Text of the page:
Everything changes for David when Demon Child Martin comes home. Martin, having the true nature of a bully, immediately begins zeroing in on David's weaknesses. His curiosity becomes a weakness. His programmed love for his parents becomes a weakness when Martin tricks him into doing things that are wrong, telling him his parents will love him if he does these things. Martin makes David eat, knowing it will harm him. Martin tells David to sneak up on Mommy in the middle of the night and cut off a lock of her hair, then she will love him. Mommy and Daddy wake up and mistakenly believe that David was going to hurt Mommy with the scissors. Martin's equally bullying friends come over and test out the possibilities of David's natural defense systems, by purposely cutting him. As his gullibility does not allow him to see Martin for what he really is, he turns to his brother for protection from the other boys. David and Martin fall into the pool and Martin almost drowns. David gets the blame.
Parents or educators of autistic children won't need to wonder for very long why these things are bothering me. Autistic children are often victimized in the same ways. I mean, the exact same ways. I have heard more than one story of "normal" kids doing things to harm special needs children who were unable to feel pain. Many autistic kids have problems processing pain. They can get hysterical over a hang nail but something that should usually cause severe pain, like a bad cut or a burn might go unnoticed. I heard a story of an autistic boy who was found with hundreds of cigarette burns all over his body because his "friends" were fascinated with his inability to feel pain. Thinking that they were his friends, he let them do it. We're all taught that our real friends will never hurt us, right? He thought they were his friends and so he let them do it.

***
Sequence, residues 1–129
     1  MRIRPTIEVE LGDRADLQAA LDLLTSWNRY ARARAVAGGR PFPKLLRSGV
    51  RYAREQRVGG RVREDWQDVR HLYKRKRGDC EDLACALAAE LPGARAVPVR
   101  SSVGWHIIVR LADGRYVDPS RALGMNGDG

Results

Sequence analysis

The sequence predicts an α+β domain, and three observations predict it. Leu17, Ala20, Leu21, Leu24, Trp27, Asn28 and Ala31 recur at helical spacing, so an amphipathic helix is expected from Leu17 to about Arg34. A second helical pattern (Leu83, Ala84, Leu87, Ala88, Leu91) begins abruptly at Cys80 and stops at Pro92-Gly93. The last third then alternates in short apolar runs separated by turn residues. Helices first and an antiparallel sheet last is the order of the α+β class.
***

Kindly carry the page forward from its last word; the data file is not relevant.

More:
Bullies often coerce innocent special needs children, even adults, into doing their bidding, doing ridiculous things in public, things that make fools of them, things that will get them into trouble-and of course, afterward, these bullies will know nothing about any of it. I know we aren't really talking about robots here. I'll never know how the movie ended. I decided to quit when, after the pool incident, Mommy takes David out into the woods and leaves him there. The parents couldn't see their "real" son for what he was. The boys had a toy robotic teddy bear that saw what Martin was doing and he tried to help David. Pretty bad when Teddy Ruxpin is smarter and more compassionate than Mom and Dad.